Third of carers in Northern Ireland living in poverty

A woman who cares for her son and husband has described how the cost-of-living crisis is putting such a strain on her finances she is struggling to scrape together the few pence needed for basic essentials.

The woman, who asked not to be named, can't work because of her caring commitments. Her son, who has complex needs and her husband require attention 24 hours a day, seven days a week.

She has been forced to go to her family and friends for support.  

"I call it begging," she told UTV.

"I put my begging hat on and it takes a lot out of me to actually do that. Begging from family or even friends can you sub me to Monday and then Monday comes and you pay that back and you realise you are sitting again with very little or nothing.

"Our benefits are not meeting the needs and basic needs... We're going without.

"For me personally as a woman and personal care products. People will watch this and think sure care products are a few pence. A few pence is a few pence in this house. I have actually had to make my own to get myself through times of the month. That's really how bad it gets."

New figures from Carers NI reveal more people are being forced into poverty.

There are more than 290,000 unpaid carers in Northern Ireland with around 48,500 receiving a carers' allowance.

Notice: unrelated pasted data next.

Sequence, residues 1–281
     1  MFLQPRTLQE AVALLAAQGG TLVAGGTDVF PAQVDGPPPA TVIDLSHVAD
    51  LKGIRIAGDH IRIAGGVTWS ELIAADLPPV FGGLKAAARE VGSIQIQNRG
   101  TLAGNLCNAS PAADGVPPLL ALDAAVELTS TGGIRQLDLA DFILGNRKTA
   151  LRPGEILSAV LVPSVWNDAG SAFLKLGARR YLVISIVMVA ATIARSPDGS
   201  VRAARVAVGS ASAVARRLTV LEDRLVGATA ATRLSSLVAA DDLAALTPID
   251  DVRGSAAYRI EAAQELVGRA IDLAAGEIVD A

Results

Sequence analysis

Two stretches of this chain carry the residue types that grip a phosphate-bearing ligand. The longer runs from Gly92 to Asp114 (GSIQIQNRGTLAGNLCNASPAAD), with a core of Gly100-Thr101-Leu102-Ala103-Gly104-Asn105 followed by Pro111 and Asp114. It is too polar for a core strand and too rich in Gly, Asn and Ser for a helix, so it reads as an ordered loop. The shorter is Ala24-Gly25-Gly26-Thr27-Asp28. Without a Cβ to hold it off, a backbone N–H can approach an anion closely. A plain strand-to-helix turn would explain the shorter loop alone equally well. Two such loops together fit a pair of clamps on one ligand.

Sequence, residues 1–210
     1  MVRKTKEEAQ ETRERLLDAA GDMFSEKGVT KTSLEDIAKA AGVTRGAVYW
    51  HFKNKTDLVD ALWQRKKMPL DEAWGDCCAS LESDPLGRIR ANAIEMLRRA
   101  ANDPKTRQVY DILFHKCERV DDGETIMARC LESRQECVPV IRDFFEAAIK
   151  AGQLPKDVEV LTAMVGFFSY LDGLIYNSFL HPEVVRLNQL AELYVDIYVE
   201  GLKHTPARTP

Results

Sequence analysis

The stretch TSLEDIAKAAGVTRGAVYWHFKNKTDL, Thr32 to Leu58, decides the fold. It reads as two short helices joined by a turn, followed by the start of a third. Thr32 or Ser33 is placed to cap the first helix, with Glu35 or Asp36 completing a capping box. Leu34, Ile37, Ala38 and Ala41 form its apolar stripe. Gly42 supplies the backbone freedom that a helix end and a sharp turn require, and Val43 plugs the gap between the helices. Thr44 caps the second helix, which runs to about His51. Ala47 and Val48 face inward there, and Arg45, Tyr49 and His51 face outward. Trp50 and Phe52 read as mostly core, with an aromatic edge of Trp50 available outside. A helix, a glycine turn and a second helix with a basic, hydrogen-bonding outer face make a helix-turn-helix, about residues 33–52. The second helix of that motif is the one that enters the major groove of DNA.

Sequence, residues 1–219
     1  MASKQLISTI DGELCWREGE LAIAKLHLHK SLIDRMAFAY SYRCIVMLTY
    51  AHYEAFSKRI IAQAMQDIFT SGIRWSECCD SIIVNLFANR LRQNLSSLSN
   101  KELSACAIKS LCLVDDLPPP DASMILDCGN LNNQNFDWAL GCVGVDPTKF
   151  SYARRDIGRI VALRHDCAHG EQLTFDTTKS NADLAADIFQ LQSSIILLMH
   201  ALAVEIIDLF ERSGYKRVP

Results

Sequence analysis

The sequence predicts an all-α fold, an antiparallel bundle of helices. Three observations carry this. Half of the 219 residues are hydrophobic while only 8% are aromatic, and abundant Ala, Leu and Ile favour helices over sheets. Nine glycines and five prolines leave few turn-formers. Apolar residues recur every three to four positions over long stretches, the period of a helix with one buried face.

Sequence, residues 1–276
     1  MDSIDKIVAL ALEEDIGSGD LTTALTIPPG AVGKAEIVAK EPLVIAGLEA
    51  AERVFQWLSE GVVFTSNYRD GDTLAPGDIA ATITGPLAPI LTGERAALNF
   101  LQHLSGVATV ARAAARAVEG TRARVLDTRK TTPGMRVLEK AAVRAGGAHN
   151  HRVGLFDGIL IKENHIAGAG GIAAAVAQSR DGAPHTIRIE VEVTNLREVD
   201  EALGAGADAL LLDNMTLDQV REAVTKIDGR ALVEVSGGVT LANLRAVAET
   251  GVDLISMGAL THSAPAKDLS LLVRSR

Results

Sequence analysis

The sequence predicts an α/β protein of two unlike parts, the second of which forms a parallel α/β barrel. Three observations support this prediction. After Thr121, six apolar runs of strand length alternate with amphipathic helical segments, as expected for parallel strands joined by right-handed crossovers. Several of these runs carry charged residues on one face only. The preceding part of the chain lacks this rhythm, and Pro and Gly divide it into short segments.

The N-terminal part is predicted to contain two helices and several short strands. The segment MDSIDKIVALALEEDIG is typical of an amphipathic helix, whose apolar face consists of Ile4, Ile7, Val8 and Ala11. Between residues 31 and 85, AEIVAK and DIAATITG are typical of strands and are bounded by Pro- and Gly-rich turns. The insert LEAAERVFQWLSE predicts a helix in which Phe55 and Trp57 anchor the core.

That allowance is designed not to be an income and has a very strict earnings threshold.Nearly half (46%) of unpaid carers who receive the allowance say they are struggling to make ends meet. And just under three out of 10 are living in poverty - the highest rate of carer poverty in the UK.

Of all those that responded to the survey, 44% said they were worried about heating the home.

"They talk about a carers' allowance. I don't even call it that. To me it's a slap in the face," the mother of one continued.

She relies on foodbanks and said once after all her bills were paid she was left with £12.32 a week to live off and still had to buy medical supplies for her son.

"Let me keep my meter topped up so I know I'm not going to run out of electric," she added."Let me put oil in my tank so I can keep my family warm.  Let me put food in my cupboards so I can keep us all well. Basic human needs and we can't afford them."

Carers NI is calling for an overhaul of the benefits system to help support families. That includes new or increased welfare benefits, dedicated energy payments, flexible working rights to allow more carers to stay in employment and much more.

Craig Harrison, the charity's policy manager added: "Our carer population are crying out for help.

"The don't ask for a great deal when you compare it to the contribution they make and the money they are saving. All they want is a decent standard of living".